Core Issues Trust v Transport for London: Admn 22 Mar 2013

The claimant sought judicial review of the decision made by TfL not to allow an advertisement on behalf of the Trust to appear on the outside of its buses. It was to read: ‘NOT GAY! EX-GAY, POST-GAY AND PROUD. GET OVER IT!’. The decision was said to be based on the resondent’s policies. The respondent had previously allowed an advertisement by an organisation campaining for gays. It was suggested thet the Mayor had improperly intervened to prevent the advertisement being accepted.
Held: The respondent’s policy met the requirement for legal certainty, and was prescribed by law. As a public body, subject to the equality duty, TfL was under a positive obligation to protect the rights of gays. In my judgment, this was a legitimate aim under Article 10(2).
‘TfL’s decision was justified and proportionate in pursuit of the legitimate aim of protecting the rights of others. Therefore the refusal was not a breach of the Trust’s rights under Article 10(1). The fact that TfL had applied its Advertising Policy inconsistently and partially and refused the Trust a right to respond was outweighed by the countervailing factors, described above, which made it proportionate to refuse to display the advertisement.’


Lang DBE J


[2013] EWHC 651 (Admin), [2013] PTSR 1161, [2013] PTSR 1161




Human Rights Act 1998 7, European Convention on Human Rights 34, Greater London Authority Act 1999 154, Equality Act 2010 149 12(1)


CitedCasado Coca v Spain ECHR 24-Feb-1994
The right to freedom of expression is not personal to the individual and is capable of being enjoyed by corporate legal persons, and commercial advertising, such as that of the claimants, is protected by Article 10(1). However, the control of . .
CitedRegina v British Broadcasting Corporation ex parte Pro-life Alliance HL 15-May-2003
The Alliance was a political party seeking to air its party election broadcast. The appellant broadcasters declined to broadcast the film on the grounds that it was offensive, being a graphical discussion of the processes of abortion.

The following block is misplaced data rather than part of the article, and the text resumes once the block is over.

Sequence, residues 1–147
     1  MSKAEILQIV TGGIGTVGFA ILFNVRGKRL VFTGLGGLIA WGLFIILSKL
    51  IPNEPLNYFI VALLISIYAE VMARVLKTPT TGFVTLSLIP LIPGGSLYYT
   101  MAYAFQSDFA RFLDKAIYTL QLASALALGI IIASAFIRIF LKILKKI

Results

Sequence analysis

Held: . .
CitedHuang v Secretary of State for the Home Department HL 21-Mar-2007
Appellate Roles – Human Rights – Families Split
The House considered the decision making role of immigration appellate authorities when deciding appeals on Human Rights grounds, against refusal of leave to enter or remain, under section 65. In each case the asylum applicant had had his own . .
CitedHandyside v The United Kingdom ECHR 7-Dec-1976
Freedom of Expression is Fundamental to Society
The appellant had published a ‘Little Red Schoolbook’. He was convicted under the 1959 and 1964 Acts on the basis that the book was obscene, it tending to deprave and corrupt its target audience, children. The book claimed that it was intended to . .
CitedMuller And Others v Switzerland ECHR 24-May-1988
The Court considered a complaint that Article 10 had been infringed by the applicant’s conviction of an offence of publishing obscene items, consisting of paintings which were said ‘mostly to offend the sense of sexual propriety of persons of . .
CitedRegina v Secretary of State for The Home Department Ex Parte Simms HL 8-Jul-1999
Ban on Prisoners talking to Journalists unlawful
The two prisoners, serving life sentences for murder, had had their appeals rejected. They continued to protest innocence, and sought to bring their campaigns to public attention through the press, having oral interviews with journalists without . .